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High-Speed Broadband Access Becomes Lifeblood for Modern Healthcare
More than ever before, innovations in healthcare technology are saving lives. A series of 2015 stories from around the nation highlight the importance of fast, affordable, reliable connectivity in using those technologies to serve patients in both urban and rural settings.
Broadband Speed and Medical Crises
The first story comes from Craig Settles, an expert on broadband access issues. In his line of work, Settles is constantly thinking about, talking about, and writing about the many virtues of broadband technology. But Settles explains that after recently suffering a stroke that required rapid medical attention, he gained a new perspective on the issue.
When someone suffers a stroke, they have three hours to get serious treatment or they often will not recover from its debilitating effects. I was lucky, but...while I worked through my recovery and rehab, a thought hit me: The process of my recovery would have been limited -- if not actually impossible -- had I been living in a small, rural or even urban low-income community without broadband.
Better Broadband, Better Medical Care in Rural West Virginia
The Charleston Gazette-Mail profiles the importance of broadband access at the St. George Medical Clinic in rural West Virginia. The clinic is wedged inside of a deep, wooded river valley, where geographic and topographic challenges interrupt access to reliable, high-speed broadband. In other words, the exact type of rural community Settles had in mind when he wrote about his frightening medical emergency.
But St. George Medical Clinic is different. With assistance from FCC funding, St. George recently laid a 12 miles of fiber optic line that delivers the hospital broadband access, essential to an increasing number of modern medical services. As the article explains:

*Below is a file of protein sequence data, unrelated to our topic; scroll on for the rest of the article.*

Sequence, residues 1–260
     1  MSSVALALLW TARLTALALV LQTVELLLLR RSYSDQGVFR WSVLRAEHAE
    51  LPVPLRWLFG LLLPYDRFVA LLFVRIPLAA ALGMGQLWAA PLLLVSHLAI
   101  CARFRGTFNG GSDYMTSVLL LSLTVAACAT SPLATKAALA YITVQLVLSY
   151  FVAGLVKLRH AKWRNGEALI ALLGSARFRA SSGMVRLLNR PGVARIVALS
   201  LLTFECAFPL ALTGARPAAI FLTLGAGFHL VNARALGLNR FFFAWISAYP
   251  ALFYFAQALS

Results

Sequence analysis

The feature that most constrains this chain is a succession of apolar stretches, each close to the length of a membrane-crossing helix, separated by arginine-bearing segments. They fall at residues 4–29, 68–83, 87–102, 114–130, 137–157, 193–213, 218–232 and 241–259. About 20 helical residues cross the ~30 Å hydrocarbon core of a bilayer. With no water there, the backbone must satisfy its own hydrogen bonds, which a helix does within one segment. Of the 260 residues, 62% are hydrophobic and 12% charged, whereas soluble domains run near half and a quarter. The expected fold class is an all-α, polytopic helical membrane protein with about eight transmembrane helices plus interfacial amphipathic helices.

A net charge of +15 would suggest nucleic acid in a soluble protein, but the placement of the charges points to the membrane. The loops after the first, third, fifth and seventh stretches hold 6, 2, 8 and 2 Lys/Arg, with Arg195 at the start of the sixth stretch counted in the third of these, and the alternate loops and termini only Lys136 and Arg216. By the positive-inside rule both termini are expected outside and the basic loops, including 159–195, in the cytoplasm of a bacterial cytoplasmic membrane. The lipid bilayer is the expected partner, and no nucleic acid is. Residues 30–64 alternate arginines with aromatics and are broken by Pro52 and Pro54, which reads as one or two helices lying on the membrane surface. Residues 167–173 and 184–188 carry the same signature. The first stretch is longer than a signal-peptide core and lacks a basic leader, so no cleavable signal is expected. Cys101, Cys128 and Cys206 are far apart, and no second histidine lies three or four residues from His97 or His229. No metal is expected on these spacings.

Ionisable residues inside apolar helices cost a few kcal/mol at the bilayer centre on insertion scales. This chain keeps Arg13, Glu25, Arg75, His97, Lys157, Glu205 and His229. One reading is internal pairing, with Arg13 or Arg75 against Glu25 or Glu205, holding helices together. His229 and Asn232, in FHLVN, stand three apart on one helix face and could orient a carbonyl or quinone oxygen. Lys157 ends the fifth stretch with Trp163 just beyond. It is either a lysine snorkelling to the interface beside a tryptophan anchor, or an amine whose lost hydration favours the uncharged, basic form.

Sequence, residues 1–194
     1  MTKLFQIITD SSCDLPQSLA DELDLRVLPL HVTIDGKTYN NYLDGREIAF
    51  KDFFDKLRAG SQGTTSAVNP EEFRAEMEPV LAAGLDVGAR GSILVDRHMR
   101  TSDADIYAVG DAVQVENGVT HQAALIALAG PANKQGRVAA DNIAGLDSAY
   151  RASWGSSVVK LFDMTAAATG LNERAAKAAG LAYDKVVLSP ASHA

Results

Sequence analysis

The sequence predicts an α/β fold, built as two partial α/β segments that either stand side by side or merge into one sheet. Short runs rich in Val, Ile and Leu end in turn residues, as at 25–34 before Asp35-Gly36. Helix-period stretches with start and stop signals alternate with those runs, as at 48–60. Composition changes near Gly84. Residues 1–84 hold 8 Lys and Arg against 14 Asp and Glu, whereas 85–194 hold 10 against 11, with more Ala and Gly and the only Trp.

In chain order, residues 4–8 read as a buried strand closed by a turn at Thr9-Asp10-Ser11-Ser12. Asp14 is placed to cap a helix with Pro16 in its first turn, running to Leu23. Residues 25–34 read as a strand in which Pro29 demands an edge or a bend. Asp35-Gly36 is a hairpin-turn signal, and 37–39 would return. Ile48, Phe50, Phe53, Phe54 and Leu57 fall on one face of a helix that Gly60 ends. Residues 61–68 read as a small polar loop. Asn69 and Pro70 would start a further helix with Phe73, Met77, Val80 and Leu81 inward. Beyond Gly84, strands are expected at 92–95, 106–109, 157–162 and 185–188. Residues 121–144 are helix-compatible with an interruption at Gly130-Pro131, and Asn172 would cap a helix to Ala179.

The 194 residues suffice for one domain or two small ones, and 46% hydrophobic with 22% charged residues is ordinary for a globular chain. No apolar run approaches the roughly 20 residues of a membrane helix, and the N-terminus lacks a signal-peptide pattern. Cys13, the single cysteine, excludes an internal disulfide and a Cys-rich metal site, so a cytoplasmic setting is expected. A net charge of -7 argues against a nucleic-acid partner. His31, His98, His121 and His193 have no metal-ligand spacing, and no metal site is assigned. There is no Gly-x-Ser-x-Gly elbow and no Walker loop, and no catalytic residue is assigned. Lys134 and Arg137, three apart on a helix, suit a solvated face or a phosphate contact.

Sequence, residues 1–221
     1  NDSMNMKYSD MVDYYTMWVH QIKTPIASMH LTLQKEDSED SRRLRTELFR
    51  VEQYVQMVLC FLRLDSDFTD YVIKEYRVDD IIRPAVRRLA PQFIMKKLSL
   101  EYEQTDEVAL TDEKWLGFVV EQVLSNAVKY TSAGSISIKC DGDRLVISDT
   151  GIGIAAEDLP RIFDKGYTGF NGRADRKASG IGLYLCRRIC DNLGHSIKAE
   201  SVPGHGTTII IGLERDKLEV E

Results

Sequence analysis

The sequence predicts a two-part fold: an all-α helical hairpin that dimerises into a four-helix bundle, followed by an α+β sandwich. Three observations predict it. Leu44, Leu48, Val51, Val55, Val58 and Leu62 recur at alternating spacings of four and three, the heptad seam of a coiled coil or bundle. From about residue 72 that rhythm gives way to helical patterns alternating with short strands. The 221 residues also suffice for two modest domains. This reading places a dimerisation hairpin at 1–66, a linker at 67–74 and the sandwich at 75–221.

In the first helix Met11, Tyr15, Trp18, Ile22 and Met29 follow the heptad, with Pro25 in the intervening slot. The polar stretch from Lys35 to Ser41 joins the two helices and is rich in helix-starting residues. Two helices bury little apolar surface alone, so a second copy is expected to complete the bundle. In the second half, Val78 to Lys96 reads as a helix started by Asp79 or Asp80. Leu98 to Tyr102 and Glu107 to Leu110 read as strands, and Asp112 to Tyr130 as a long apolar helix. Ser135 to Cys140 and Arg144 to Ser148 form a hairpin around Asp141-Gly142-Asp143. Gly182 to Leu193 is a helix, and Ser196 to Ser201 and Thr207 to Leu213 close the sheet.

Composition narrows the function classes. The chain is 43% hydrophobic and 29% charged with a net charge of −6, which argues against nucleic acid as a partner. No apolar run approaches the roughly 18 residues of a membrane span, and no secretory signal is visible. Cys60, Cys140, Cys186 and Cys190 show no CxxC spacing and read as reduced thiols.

Prior to installing the fiber optic line, Paul Wamsley, the clinic’s director, said his staff had to work with a DSL connection that only provided speeds of one to three megabits per second (Mbps). But with the new setup, the clinic’s staff and its customers are able to access a patient portal, where they can obtain their medical records, make payments, schedule appointments, request medication and ask for a referral — all online.
As the article also notes, the fiber broadband access at St. George Medical Clinic is the exception, not the rule, when it comes to broadband availability at rural medical facilities in West Virginia. Medical professionals say their patients miss out on access to new healthcare innovations that are not possible in facilities with persistently poor broadband access.
The 10 Gig Doctor
Feature stories appearing in both the Chattanooga Times Free Press and The Chattanoogan tell the story of Dr. Jim Busch, who in October became the first person in the world to get a 10 gigabit broadband per second connection at his home. With 10 gig connectivity, the radiologist and can quickly send and receive massive diagnostic files, enabling him to perform important medical work from home. Dr. Busch pays $299 per month through Chattanooga’s renowned EPB network.
Dr. Busch explains the value of the service to his work:
‘"In my field, fiber optic speeds save lives. Instead of waiting as much as a week or more to get results because radiologists would have to physically go to each location, our patients can get their results in hours or even minutes. When something is seriously wrong catching it as early as possible can be the difference between life and death."
Broadband and the Future of Medicine
Thanks to recent research and development, medical professionals are continuously improving their treatment of patients through the use of a wide variety of cutting edge devices and by employing Internet-based platforms to facilitate more efficient lines of communication. But these devices are only possible because of the high-speed broadband networks that are at the heart of modern digital data transmission demands.
Small and mid-sized communities with municipal networks often find hospitals and clinics are the first entities requesting better connectivity. In fact, more than a few networks were built when strong support from the local medical community tipped opinion in favor of a project.
The medical future is now for communities with access to high-speed broadband. Patients served by clinics with insufficient access to the technology should not have to wait simply because of where they live. Large corporate providers may find no financial justification for developing high-speed networks in sparsely populated rural areas but quality healthcare is a right that cannot be defined by geography. Local communities of every size and location deserve the authority to develop infrastructure to ensure that right.